Results and Discussion

Multiple variations of the S=3/2 EPR signal have been previously observed for wild-type MoFe protein. A signal designated as la occurs at neutral pH in the resting MoFe protein, signal lb is observed at higher pH, and signal Ic is only observed during turnover (Smith et al. 1973). We have detected similar S=3/2 signals from the more-reduced states of the wild-type MoFe protein during catalytic turnover and provide evidence that they arise from different conformations of the FeMo-cofactor within the MoFe protein. We attribute signal lb to MoFe protein essentially at the E3 redox level and suggest that the conformational change results as a consequence of protons being incorporated into reduced substrate. Signal Ic is generated much more slowly than lb and, therefore, likely arises from an even more-reduced redox state than lb.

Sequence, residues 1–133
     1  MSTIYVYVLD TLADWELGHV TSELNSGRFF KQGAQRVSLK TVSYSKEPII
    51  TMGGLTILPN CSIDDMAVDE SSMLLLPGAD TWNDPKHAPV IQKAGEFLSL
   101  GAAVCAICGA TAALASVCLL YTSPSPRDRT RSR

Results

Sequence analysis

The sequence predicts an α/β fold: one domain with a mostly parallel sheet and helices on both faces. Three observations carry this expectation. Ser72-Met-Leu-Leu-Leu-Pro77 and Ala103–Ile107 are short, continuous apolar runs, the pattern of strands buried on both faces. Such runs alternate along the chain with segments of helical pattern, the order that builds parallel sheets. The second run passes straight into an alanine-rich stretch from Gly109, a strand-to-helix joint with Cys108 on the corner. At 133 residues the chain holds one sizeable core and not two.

We have extended these studies to include the a-195Gln, a-195Asn, and oc-191Lys MoFe proteins which bind N2 and reduce it very poorly, bind N2 and do not reduce it, and do not bind N2, respectively. The a-191Lys MoFe protein is particularly interesting because it exhibits neither signal lb nor signal Ic under turnover conditions. In addition, stopped-flow spectrophotometric studies with this protein do not show the oxidation after primary electron transfer that is observed with wild-type nitrogenase. This oxidation has been postulated to arise from the P-clusters and to be the step that irreversibly commits N2 to reduction. All evidence suggests that this protein cannot attain the redox levels necessary for N2 binding and reduction. Although the a-195Glnand a-195Asn MoFe proteins show an oxidation, it is short lived and the lb and Ic EPR signals accumulate during catalysis, indicating a problem with the ^-reduction process. Our EPR and stopped-flow spectroscopic data show a correlation between N2 binding and the different intermediate forms of MoFe protein.

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